AFTER an almost 30 year break Warwick will again play host to the coveted Miss Rodeo Australia finals, with the competition today returning to the city where it started.

Way back in 1977 the Rose City launched the first Miss Rodeo Australia competition. The driving force behind the initial event was Irene Kinast, a dynamic local woman, who was introduced to the sport after migrating from Germany.

She loved the arena action, but felt a "feminine" influence could benefit both rodeo events and the young women chosen to represent the sport.

From the start the quest enjoyed strong support with Warwick audiences queuing for a seat in the full-to-capacity Kings Theatre to watch the judging.

Eventually though diplomacy denoted that the judging for the prestigious title be shared among other rodeo strongholds like Tamworth.

But this year the national quest, which comes under the Australian Professional Rodeo Association, returns to Warwick with judging kicking off here today. Warwick's Ros Flood, who was a judge for the very first queen quest, is one of the organising committee members for the 2015 title.

She said it was an honour to be involved in the competition again and she was thrilled to see it return to the Rose City.

"People think rodeo queens and it's tiaras, buckles and boots, but the truth is in modern arenas this is am ambassador role," she explained.

"The successful entrant is a vital part of the promotional and information campaign when it comes to Australian rodeo at a national and international level."

Mrs Flood has just returned from the Miss Rodeo America quest, where she said the winner was recognised as the official face of rodeo.

"It was truly impressive to watch how the pageant is run in the states," she said.

"There were 32 entries, each had been rodeo queen at a regional rodeo before winning their state title, so they had considerable experience being in the public eye. "There were eight days of judging and each event from horsemanship to public speaking was sold out.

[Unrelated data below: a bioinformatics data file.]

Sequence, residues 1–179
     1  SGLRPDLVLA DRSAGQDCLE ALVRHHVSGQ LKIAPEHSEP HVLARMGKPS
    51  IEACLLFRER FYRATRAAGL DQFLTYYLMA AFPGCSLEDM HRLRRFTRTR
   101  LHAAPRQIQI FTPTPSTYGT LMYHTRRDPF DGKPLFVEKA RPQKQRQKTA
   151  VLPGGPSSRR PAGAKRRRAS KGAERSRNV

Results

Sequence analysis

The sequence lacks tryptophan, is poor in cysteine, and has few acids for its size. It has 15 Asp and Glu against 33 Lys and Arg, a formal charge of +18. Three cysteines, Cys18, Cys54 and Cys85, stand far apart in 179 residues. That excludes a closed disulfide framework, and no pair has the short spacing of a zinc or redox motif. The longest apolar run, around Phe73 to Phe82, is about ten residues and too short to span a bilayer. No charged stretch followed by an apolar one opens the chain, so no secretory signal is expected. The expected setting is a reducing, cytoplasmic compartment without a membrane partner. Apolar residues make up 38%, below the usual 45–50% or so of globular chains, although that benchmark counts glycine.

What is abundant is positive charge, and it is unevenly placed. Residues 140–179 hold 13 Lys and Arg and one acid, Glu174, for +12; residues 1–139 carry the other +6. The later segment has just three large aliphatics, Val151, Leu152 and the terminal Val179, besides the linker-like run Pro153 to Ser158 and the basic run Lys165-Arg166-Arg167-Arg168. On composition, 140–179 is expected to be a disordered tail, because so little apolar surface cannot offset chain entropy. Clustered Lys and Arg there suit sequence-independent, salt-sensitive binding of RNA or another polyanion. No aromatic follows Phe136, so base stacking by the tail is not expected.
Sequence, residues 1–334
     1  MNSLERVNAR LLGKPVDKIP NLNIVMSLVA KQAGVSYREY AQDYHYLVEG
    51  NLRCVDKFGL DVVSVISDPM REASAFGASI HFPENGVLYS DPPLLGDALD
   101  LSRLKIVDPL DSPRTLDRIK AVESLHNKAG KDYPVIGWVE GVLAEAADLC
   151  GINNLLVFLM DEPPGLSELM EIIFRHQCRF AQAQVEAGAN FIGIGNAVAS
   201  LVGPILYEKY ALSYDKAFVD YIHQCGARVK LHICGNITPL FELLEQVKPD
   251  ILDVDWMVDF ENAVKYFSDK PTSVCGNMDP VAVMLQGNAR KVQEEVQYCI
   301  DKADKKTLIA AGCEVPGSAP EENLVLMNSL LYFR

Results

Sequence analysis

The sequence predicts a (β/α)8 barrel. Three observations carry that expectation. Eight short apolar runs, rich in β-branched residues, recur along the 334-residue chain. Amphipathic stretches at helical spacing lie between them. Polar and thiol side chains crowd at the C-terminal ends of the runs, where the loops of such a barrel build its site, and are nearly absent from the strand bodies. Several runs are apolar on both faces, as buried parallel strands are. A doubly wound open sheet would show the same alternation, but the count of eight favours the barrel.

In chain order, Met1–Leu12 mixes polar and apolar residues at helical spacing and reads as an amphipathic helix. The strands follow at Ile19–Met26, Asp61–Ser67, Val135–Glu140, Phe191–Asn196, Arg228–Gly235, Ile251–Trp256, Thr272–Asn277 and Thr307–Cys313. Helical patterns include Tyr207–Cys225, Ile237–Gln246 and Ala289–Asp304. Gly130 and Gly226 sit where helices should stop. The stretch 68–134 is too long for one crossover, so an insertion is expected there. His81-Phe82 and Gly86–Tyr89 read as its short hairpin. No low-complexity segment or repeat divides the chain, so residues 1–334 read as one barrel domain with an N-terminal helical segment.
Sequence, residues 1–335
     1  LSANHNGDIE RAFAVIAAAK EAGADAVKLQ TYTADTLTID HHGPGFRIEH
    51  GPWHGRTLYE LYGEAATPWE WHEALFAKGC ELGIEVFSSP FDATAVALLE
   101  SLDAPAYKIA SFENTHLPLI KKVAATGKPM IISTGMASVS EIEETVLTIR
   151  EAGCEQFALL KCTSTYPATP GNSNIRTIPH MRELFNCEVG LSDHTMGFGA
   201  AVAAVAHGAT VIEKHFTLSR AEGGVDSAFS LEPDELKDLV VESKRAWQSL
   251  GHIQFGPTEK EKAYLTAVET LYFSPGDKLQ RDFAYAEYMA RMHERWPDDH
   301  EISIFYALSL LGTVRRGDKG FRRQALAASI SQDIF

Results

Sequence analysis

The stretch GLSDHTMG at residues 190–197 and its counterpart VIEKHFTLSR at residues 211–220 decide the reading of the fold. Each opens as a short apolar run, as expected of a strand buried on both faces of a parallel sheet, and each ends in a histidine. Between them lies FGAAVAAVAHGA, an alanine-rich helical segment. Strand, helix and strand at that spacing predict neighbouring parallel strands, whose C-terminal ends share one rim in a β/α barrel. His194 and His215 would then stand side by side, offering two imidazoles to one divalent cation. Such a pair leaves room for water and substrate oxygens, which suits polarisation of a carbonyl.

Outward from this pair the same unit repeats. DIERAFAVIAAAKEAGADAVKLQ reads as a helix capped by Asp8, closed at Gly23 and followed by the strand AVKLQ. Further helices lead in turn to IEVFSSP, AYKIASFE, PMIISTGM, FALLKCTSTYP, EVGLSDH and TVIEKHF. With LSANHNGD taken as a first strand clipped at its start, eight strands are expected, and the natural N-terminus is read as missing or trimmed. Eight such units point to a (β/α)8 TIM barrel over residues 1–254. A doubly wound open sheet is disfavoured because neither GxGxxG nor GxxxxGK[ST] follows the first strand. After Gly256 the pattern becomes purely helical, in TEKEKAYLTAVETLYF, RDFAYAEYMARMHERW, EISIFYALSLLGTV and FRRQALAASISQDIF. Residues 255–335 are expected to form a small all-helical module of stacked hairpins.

"And the winner was poised and graceful and articulate and intelligent and an outstanding ambassador for the sport of rodeo." While she acknowledges the Australian quest has some way to go before reaching the glitzy heights of American rodeo royalty she said her committee's goal was to take the competition to the next level.

"The sport of rodeo is growing here and we need an ambassador that can play a vital role in that promotional campaign," Mrs Flood said.

"I'm excited about the opportunities it offers those young women, who are successful.

"There is a trip overseas, a chance to network with some of the predominant people in rodeo internationally and invitations to some major events on the international rodeo calendar."

The judging of Miss Rodeo Australia will start at the Coffee Club tonight and continue with the horsemanship judging at the Warwick Showgrounds tomorrow.

The rodeo queens will have personal interviews with the judges at brunch at Café Jacqui's tomorrow before the announcement that night during dinner at the Australian Rodeo Heritage Centre in Warwick. There will be entertainment at the heritage centre, Amy and Emily Bradfield will recite poetry and the queen entrants will present their final speeches. Outgoing Miss Rodeo Australia Mallory Doyle will crown the new winner.

Tickets for tomorrow night's dinner from the APRA office at the Australian Rodeo Heritage Centre in Alice St, phone 4661 8183.



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